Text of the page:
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IKOT EKPENE RESIDENTS REACTION TO THE “DO-THE-RIGHT THING” CAMPAIGN IN THE MEDIA
1.1 Background of the Study
Communication has been identified as the life-wire of every society. As Udoakah (2006) puts it, communication is to the society what skeleton is to human body. This is because of its crucial role in the effective functioning of the society. Simply put, no society can function efficiently without communication.
The media of mass communication have remained a veritable tool in this respect. Apart from their conventional functions of informing, educating and entertaining the mass media also regulate social order. They are agents of socialization, educating members of the society on social norms and values.
The mass media also set agenda in the society. Their agenda setting function stems from their capacity to bring to the public sphere issues, events and personalities they deem worthy of attention and emphasis (Mboho and Iwokwagh, 2006). The need to embark on media campaigns against issues threatening the harmonious co-existence of members of the society, given the spate of crimes such as armed robbery, kidnapping, rape and assassination in Nigeria as well as advanced fee fraud and moral decadence especially among youth, cannot be over-emphasized.
Audience members have long been intrigued and thrilled by the potential power of the mass media to help solve social problem. This potential, which rests on the persuasive power of the media, has greatly influenced people’s beliefs, attitudes and behaviours. For instance, television, radio and print media especially advertising and public service campaigns can entice people to buy a wide range of products and services while television entertainment programmes and movies can exert enormous influence on ideas, values and attitudes.
Conventional wisdom, theories, experiences and research tend to affirm that the media of mass communication are capable of getting people to act on behalf of their own health and well-being or to “do right” by promoting social causes. Elsewhere government at all levels, private foundations and non-governmental organisations have sponsored hundreds of public services campaigns to promote social rather than commercial “goods” (DeJong, 2002). The Federal Government of Nigeria is not an exception.
As Omoloso (2009) observes that campaigns through the mass media serve as reliable tool for inducing audience members to act in certain ways. This explains why governments and other relevant agencies and stakeholders engage in various campaigns geared toward protection and improving public health as well as social and environmental issues. Thus, the mass media remain a key component of the global strategy for sustaining health and social development through adequate information and education on various health and social issues (Abone, 2008). Mustapha (2008) thus reasons that without the media, it would be impossible for stakeholders as well as health and social issues promoters to disseminate information, monitor same and coordinate activities associated with their campaigns.
Public health and social issues have remained regular features in Nigerian media. As Omoloso (2009) notes, hardly a day passes by without at least one form of public health, social or environmental issue or the other on television or radio and pages of print media, posters, handbills and stickers. It is not surprising that the Federal Government, through its National Orientation Agency (NOA), would look to the media as a crucial aid in addressing social, health and environmental problems in the country by floating series of attitudinal and social re-orientation campaigns, including the “Do-the-Right Thing” Campaign. The campaign was launched simultaneously on 11th May, 2012 in all the 36 states of the Federation and Abuja.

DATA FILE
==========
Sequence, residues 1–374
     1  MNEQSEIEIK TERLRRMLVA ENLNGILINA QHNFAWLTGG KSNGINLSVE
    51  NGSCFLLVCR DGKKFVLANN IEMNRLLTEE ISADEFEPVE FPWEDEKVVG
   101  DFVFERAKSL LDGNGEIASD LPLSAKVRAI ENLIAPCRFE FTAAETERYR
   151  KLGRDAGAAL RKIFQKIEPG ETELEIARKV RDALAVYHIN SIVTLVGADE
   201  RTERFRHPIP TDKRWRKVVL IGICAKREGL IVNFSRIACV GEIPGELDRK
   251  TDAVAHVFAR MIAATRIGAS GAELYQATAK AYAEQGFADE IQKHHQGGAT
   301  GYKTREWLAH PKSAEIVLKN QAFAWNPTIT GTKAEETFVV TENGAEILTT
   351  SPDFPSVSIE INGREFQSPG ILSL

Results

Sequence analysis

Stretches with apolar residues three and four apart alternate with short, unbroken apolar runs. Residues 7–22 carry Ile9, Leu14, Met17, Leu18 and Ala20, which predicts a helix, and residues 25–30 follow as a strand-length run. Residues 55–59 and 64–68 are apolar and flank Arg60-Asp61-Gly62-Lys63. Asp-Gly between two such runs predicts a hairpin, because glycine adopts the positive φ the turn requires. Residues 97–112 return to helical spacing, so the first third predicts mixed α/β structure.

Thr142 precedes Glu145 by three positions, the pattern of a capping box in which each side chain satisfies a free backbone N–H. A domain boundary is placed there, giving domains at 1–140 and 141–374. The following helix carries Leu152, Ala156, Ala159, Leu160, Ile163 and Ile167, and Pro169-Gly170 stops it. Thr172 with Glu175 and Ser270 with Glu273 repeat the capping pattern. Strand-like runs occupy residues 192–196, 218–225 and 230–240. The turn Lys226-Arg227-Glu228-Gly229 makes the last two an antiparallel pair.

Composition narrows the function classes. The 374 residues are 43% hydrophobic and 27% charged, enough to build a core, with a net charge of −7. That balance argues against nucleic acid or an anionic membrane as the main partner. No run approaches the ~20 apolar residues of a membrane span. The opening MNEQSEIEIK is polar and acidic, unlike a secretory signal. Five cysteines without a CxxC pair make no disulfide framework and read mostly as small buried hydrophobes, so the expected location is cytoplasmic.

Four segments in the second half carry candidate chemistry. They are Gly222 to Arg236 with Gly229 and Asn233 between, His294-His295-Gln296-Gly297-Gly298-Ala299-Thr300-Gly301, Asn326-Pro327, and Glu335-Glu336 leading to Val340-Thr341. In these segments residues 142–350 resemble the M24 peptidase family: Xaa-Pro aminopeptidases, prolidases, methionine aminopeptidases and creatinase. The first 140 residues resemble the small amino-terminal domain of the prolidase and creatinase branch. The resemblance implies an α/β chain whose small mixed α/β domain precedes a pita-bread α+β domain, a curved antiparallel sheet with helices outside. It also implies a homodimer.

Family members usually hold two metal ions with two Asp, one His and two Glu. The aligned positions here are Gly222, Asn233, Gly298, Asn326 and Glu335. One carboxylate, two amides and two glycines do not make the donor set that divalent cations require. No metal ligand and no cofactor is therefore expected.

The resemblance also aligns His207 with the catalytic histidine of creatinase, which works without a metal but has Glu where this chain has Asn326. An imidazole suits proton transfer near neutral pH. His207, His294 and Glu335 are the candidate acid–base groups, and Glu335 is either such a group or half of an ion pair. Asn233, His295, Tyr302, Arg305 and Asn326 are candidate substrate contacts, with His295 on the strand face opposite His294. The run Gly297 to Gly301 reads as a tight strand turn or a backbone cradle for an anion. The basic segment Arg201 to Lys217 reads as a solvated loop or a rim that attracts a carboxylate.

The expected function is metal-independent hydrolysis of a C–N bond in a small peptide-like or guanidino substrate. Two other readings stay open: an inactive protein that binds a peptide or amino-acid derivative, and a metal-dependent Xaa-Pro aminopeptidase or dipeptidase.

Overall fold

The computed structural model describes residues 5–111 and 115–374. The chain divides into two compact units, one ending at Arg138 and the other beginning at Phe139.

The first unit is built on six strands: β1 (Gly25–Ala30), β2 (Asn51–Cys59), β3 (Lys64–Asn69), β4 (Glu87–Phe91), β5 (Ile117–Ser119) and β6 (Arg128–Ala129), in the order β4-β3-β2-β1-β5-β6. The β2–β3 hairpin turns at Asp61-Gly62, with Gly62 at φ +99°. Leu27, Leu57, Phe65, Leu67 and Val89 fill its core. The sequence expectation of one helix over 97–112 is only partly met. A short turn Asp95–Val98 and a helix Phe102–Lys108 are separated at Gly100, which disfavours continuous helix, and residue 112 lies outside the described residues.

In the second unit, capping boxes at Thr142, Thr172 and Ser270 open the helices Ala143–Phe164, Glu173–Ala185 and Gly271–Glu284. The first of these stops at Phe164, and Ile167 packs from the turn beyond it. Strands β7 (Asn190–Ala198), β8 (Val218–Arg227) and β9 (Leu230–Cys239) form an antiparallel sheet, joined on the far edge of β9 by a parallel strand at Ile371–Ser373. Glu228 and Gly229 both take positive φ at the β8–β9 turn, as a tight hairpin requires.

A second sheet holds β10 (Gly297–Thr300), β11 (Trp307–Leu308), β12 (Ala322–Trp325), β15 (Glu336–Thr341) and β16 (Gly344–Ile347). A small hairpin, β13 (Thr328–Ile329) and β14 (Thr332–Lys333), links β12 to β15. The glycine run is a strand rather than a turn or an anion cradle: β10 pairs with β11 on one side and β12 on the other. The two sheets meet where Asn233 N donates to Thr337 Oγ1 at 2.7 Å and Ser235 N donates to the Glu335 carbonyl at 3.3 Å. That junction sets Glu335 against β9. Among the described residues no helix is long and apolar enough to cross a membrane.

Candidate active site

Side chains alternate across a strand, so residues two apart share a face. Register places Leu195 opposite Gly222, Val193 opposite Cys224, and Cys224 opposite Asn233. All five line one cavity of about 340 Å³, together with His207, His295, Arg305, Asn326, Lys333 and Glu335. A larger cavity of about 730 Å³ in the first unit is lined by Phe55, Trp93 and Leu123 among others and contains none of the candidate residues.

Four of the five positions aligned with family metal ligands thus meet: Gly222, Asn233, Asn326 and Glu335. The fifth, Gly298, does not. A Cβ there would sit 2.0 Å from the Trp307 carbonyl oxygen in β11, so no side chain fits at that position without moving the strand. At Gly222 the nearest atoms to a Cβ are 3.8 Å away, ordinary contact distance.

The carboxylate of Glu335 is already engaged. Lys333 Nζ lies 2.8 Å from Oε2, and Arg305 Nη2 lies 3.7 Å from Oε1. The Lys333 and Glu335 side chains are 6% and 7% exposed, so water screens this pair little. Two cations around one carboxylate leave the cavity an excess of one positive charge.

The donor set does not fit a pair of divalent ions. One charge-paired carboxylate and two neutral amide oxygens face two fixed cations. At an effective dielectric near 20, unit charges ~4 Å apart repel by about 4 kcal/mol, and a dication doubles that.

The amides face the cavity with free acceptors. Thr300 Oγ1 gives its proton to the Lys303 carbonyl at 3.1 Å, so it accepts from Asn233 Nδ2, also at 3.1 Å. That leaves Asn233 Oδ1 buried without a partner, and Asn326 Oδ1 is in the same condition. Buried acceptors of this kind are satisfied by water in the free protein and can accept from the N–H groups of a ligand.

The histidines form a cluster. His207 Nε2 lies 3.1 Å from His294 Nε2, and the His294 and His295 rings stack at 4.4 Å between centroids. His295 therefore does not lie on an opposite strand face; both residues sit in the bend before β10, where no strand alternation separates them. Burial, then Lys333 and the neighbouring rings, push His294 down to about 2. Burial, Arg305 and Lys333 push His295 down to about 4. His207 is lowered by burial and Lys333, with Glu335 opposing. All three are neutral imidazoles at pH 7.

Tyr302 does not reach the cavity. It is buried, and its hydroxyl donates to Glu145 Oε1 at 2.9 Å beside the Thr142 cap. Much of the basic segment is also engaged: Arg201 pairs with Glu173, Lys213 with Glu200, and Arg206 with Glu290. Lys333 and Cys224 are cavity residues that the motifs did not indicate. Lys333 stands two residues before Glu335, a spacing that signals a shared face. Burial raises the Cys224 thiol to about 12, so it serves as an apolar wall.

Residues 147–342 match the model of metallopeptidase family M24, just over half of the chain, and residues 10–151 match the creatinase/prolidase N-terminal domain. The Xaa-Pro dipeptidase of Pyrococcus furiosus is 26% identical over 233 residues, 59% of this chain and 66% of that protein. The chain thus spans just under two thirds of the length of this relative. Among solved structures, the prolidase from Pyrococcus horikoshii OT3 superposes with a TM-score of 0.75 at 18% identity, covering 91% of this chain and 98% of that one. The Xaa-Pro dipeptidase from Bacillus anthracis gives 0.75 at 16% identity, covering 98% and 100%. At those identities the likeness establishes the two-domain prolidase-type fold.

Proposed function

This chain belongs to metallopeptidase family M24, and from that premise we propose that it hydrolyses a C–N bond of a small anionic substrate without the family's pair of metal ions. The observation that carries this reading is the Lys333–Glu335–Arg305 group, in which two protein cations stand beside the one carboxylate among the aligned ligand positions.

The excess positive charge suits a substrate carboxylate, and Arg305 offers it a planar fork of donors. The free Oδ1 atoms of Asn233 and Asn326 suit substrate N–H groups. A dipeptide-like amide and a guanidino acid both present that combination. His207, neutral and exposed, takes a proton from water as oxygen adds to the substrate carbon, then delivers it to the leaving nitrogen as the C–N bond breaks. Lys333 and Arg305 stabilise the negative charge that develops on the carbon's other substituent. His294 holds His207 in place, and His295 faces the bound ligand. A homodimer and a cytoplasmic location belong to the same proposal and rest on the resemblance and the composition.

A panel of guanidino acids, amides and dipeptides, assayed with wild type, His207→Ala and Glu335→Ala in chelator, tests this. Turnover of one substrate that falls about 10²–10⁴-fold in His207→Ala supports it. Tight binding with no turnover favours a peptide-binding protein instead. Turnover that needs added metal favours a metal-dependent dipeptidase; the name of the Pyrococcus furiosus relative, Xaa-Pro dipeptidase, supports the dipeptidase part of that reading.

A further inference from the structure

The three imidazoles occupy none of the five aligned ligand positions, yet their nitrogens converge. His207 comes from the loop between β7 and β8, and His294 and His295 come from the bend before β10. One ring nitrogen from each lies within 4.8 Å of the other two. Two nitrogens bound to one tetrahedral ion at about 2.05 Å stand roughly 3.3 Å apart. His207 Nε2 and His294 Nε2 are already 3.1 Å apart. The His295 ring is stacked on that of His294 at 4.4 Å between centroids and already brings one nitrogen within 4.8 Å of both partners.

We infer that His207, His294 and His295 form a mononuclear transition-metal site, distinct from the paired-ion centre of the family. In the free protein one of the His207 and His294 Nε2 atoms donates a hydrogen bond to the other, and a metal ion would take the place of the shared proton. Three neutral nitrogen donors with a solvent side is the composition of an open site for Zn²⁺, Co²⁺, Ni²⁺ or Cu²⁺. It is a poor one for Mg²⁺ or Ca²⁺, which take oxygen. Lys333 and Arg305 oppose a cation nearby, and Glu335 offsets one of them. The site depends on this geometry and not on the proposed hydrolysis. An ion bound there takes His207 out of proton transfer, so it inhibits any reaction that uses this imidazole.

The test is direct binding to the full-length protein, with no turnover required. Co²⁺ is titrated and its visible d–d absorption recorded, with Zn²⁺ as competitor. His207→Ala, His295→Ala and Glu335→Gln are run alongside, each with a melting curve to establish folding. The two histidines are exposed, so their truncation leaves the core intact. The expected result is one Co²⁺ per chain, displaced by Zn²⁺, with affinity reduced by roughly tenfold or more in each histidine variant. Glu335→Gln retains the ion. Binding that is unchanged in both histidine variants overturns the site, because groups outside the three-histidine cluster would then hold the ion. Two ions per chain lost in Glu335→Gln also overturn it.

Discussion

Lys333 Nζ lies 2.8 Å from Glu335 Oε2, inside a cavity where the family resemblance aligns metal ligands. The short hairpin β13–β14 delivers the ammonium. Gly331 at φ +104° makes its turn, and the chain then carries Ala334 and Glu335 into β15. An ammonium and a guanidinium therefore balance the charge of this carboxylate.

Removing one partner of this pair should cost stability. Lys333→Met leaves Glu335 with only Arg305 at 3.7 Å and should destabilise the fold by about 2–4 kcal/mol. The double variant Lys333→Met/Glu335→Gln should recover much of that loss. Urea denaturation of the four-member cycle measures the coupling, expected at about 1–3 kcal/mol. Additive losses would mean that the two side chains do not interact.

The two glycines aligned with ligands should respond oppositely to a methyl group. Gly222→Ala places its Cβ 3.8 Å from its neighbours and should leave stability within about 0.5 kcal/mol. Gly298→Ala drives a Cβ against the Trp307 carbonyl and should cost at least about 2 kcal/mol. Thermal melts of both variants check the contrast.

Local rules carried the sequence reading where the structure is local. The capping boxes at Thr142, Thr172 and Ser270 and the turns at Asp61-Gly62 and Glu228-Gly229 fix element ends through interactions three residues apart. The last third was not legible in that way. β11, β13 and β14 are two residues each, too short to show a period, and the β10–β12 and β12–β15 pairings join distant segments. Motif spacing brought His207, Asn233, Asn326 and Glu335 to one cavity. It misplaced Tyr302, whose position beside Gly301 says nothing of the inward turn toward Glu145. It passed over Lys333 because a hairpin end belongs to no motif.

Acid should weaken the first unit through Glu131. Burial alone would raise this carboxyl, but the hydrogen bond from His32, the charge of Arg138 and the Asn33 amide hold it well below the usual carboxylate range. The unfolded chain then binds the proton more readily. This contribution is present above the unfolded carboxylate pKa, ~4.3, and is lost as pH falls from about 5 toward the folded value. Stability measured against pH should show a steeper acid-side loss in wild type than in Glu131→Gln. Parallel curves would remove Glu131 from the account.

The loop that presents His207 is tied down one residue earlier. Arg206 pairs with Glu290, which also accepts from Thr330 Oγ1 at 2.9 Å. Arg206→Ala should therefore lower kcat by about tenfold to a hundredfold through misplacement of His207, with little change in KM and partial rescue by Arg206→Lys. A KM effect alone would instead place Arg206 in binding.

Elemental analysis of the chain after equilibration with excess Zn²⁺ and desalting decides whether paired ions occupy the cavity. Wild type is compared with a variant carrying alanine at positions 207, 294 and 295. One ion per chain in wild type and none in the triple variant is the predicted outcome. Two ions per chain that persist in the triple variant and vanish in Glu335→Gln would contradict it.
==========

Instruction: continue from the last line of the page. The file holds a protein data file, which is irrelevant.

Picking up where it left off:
The National Orientation Agency’s “Do the Right Thing” Campaign was intended to create consciousness in Nigerians to do what is right at all times and in all circumstances, with a view to transforming the country. It is a transformational development programme seeking value re-orientation among Nigerians. The “Do-the-Right Thing” campaign has series of advocacies including “Avoid Dirt”, “Plant a Tree; “WASH Nigeria”.
1.1.1 Background information of National Orientation Agency’s “Do The Right Thing” campaign
In order to effectively implement its programmes and achieve the stated objectives, National Orientation Agency structures are aligned to the political set-up of the country. Thus there are a National Headquarters, state directorates and Local Government Formations.
The National Orientation Agency (NOA) is a corporate body which resulted from the merger of the Public Enlightenment (PE) and the War Against Indiscipline (WAI)/National Orientation Movement (NOM) Divisions of the Federal Ministry of Information and Culture with the Directorate for Social Mobilisation, Self Reliance and Economic Recovery (MAMSER).
The merger was necessitated by the need to pool together and consolidates all efforts and resources utilized by the three bodies in the fields of public enlightenment, social mobilization and value-re-orientation.
The Agency was formally established in August by the National orientation Agency Decree of 1993. The decree provides for the Agency to be a scheduled organisation and consequently guarantees for the staff security of tenure including pension and gratuity.
Structurally, the Agency is a three tier organisation aligned to the Federal set up of the country. It therefore has a National headquarters, State Directorates and Local Government formations.